Twenty Thousand Leagues Under the Sea : An Underwater Tour of the World
Science and adventure are electrifying accomplices in Jules Verne's classic Twenty Thousand Leagues Under the Sea. This epic and enduring tale anticipates not just wonders such as electric light and submarine navigation, but the obsession with technology and travel that today so shapes our lives. It is Verne's inspired foresight, combined with his extraordinary talent for storytelling, that continue to make this novel such a compelling read. The excitement this adventure caused around the world when it was first published 150 years ago can still be very easily imagined indeed in the 21st century.Illustrated by Edouard Riou, with an Afterword by David Stuart Davies.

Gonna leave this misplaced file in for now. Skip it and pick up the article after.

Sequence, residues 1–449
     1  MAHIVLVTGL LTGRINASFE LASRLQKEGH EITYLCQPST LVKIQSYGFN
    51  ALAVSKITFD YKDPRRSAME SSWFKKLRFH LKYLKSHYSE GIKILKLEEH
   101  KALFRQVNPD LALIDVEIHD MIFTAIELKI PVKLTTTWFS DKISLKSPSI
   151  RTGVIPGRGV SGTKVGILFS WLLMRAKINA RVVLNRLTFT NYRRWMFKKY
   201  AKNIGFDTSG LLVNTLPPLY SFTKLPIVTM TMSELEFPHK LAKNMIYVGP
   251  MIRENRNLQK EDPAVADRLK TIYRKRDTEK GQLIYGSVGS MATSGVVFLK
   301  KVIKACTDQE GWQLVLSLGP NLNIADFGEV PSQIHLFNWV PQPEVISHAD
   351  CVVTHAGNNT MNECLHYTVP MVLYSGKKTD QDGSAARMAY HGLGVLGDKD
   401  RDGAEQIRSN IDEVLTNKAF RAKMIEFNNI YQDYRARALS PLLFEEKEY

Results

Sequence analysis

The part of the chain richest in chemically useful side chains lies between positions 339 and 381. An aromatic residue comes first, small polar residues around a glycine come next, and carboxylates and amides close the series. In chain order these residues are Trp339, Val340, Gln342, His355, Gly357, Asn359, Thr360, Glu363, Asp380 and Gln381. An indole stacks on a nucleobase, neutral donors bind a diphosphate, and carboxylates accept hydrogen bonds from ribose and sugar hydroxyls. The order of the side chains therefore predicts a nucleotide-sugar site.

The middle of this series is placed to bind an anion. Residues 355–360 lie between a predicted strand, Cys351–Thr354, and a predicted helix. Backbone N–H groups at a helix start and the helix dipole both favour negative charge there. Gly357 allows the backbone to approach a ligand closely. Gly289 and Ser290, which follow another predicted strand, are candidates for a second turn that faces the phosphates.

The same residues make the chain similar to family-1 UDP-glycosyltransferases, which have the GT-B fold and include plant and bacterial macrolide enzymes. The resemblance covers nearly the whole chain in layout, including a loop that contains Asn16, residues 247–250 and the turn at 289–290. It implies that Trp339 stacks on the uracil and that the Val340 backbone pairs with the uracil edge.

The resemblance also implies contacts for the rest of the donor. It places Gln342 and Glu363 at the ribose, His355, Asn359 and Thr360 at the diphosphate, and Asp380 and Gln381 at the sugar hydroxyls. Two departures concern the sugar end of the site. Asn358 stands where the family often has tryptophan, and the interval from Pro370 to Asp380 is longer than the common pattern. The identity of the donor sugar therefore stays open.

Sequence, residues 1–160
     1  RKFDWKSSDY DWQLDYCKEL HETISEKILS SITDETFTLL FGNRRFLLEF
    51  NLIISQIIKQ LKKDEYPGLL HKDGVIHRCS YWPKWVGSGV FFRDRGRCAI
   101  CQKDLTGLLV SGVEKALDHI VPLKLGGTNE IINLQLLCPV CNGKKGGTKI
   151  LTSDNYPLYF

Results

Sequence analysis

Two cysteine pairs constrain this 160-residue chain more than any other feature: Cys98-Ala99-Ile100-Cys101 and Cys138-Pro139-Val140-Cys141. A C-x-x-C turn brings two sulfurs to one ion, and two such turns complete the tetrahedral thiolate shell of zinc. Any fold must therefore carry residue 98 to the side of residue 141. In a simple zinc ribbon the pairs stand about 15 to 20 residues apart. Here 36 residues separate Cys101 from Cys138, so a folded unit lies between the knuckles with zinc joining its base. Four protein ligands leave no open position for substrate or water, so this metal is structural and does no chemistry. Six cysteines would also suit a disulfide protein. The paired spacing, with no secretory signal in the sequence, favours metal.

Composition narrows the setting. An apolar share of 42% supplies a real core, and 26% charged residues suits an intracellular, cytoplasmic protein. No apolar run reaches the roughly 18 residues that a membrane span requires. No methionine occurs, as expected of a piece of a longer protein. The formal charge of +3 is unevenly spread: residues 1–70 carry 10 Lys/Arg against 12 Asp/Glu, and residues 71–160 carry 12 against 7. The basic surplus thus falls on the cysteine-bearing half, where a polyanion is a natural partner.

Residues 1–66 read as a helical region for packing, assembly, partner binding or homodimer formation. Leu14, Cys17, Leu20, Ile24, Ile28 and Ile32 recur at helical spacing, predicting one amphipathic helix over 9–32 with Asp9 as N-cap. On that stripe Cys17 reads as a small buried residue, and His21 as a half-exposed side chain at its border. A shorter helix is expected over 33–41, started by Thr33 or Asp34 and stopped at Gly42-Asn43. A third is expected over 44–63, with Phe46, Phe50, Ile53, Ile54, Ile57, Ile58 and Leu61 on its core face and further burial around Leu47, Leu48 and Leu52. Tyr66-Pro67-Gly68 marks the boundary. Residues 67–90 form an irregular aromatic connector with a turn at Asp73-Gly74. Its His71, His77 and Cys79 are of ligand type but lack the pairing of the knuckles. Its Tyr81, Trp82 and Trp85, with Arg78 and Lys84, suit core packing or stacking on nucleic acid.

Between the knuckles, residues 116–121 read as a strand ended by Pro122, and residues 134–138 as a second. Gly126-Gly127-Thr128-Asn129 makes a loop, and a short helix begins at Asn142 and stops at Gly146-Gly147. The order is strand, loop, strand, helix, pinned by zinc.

- Hardback | 536 pages
- 101.6 x 152.4 x 33.02mm | 272.15g
- 01 Mar 2011
- Pan MacMillan
- Macmillan Collector's Library
- London, United Kingdom
- Main Market Ed.
About Jules Verne
Jules Gabriel Verne was born in the seaport of Nantes, France, in 1828 and was destined to follow his father into the legal profession. In Paris to train for the bar, he took more readily to literary life, befriending Alexander Dumas and Victor Hugo, and living by theatre managing and libretto-writing. His first science-based novel, Five Weeks in a Balloon, was issued by the influential publisher Pierre-Jules Hetzel in 1862, and made him famous. Verne and Hetzel collaborated to write dozens more such adventures, including Twenty Thousand Leagues Under the Sea in 1869 and Around the World in 80 Days in 1872. In later life Verne entered local politics at Amiens, where had had a home. He also kept a house in Paris, in the street now named Boulevard Jules Verne, and a beloved yacht, the Saint Michel, named after his son. He died in 1905.